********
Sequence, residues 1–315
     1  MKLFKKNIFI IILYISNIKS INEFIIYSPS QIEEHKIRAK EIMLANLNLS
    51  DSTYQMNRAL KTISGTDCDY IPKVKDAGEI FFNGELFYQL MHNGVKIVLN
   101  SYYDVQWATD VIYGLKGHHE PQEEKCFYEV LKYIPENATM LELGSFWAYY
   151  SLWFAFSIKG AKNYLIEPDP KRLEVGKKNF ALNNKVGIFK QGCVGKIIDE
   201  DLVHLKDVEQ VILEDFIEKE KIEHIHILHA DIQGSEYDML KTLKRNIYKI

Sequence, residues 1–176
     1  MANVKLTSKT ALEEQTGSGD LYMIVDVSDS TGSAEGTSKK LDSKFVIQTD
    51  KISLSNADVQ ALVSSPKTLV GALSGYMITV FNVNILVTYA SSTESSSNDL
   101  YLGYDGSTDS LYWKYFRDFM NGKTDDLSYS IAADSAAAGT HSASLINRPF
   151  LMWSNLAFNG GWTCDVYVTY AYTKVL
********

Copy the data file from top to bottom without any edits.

Sequence, residues 1–315
     1  MKLFKKNIFI IILYISNIKS INEFIIYSPS QIEEHKIRAK EIMLANLNLS
    51  DSTYQMNRAL KTISGTDCDY IPKVKDAGEI FFNGELFYQL MHNGVKIVLN
   101  SYYDVQWATD VIYGLKGHHE PQEEKCFYEV LKYIPENATM LELGSFWAYY
   151  SLWFAFSIKG AKNYLIEPDP KRLEVGKKNF ALNNKVGIFK QGCVGKIIDE
   201  DLVHLKDVEQ VILEDFIEKE KIEHIHILHA DIQGSEYDML KTLKRNIYKI

Sequence, residues 1–176
     1  MANVKLTSKT ALEEQTGSGD LYMIVDVSDS TGSAEGTSKK LDSKFVIQTD
    51  KISLSNADVQ ALVSSPKTLV GALSGYMITV FNVNILVTYA SSTESSSNDL
   101  YLGYDGSTDS LYWKYFRDFM NGKTDDLSYS IAADSAAAGT HSASLINRPF
   151  LMWSNLAFNG GWTCDVYVTY AYTKVL